When I was younger I was obsessed with clothes. Not the clothes of our own time, but those of the past. It was a pretty girly obsession of course, but there was something real in it too. There was something in those silk and velvet gowns, slash and puff doublets, hanging sleeves, bombasted and cartridge pleated and befarthingaled, that said something about the societies of the past that I think we no longer want to say about our own.
There was a confidence and determination in the people who could wear clothes like that that we do not have. That we, in fact, cannot even imagine.
There was substance to these men and women, that makes us half-born men look like wraiths, like shades.
Are there any men around now whose shoulders could hold up a coat like this?
It was from this obsession that I learned the names of the great painters of that terrible time of disaster in the world but the Golden Age of portraiture, the late Renaissance.
It was especially the Holbein portraits of the English royal family, cardinals, chancellors and nobility held my gaze as if I were under a spell. I learned the names of every part of them, how they were constructed, where the heavy cloth was manufactured and how one got into and out of them.
Life was indeed, in this time perhaps more than many others, nasty brutish and short, but at least for them, human life was no ephemeral whisp of a thing. It was real and a man's life was remembered.
Today I can walk through the city of Rome, one of the least ephemeral whispy things we have left, and I look down the length of the Imperial Forum, or up at the Flavian Amphitheatre, or at the delicate Temple of Vesta, or stand in the shadow of the Colonnade of St. Peter's, or sit at Mass in front of the altar of the chair, and somehow it all seems to be fading away, as if it were all a watercolour of itself that has been left too long in a sunny window. The reality, the substance of the world has nearly drained away.
Gustavus Adolphus, Gustav the Great, King of Sweden, was a warrior king. One of the last of this species:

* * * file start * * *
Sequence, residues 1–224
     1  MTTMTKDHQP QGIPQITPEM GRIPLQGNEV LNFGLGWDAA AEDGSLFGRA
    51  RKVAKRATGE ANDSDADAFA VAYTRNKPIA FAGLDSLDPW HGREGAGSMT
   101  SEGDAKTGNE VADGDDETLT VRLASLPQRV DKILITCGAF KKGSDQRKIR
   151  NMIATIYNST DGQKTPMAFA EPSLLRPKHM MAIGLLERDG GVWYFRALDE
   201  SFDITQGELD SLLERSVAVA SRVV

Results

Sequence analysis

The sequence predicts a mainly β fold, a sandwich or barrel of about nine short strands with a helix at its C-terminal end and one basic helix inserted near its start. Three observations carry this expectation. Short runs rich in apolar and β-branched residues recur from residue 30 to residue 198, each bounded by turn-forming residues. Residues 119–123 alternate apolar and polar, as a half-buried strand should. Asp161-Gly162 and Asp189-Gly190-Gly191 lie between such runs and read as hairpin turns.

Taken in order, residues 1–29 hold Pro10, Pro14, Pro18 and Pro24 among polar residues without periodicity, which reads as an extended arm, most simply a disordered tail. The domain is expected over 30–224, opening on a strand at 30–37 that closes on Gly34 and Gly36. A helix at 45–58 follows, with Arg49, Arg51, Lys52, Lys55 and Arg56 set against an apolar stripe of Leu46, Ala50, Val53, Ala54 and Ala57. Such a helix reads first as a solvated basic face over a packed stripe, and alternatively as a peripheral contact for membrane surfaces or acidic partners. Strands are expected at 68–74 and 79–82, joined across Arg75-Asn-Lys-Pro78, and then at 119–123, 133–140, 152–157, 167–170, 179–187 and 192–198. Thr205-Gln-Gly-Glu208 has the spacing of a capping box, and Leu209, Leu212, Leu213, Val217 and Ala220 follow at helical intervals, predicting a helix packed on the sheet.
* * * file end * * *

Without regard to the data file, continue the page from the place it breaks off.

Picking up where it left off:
In the era, which was characterized by nearly endless warfare, he led his armies as King of Sweden—from 1611, as a seventeen year old, until his death in battle while leading a charge during 1632 in the bloody Thirty Years' war—as Sweden rose from the status as a mere regional power and run-of-the-mill kingdom to one of the great powers of Europe and a model of early modern era government.
He was also a married man and we have his wedding suit. It is magnificent, in pearly silk, pinked all over with little slices to show the lining. It must be in some museum now, I can't remember. I saw a photo of it once in the course of my obsession and remember the odd sense of dread I felt when I read that it is no longer displayed. It is too fragile and the museum conservators are taking pains to try to give it a few more years of life.
But a three hundred year-old silk suit, no matter the magnitude of renown of the person who once owned it, cannot hold out much longer. No matter what they do, it is going to disintegrate soon. And then there will be one less piece of the real man that wore it left in the world. One more hook by which we latter men remain attached to the real world of our ancestors will have let go.
Today I looked at one of the ancient monuments of Rome. A little arch, mostly unregarded, tucked away in a corner of the ghetto. It's columns are crumbling and are held up crudely with rusting iron braces. It won't last much longer either.
It just reminds me even as I look out the window at the great Dome of St. Peter's that all of this that remains is going to be gone some day. And somehow it seems, looking down a tunnel of centuries at these more real and substantial people, as if it is already half vanished.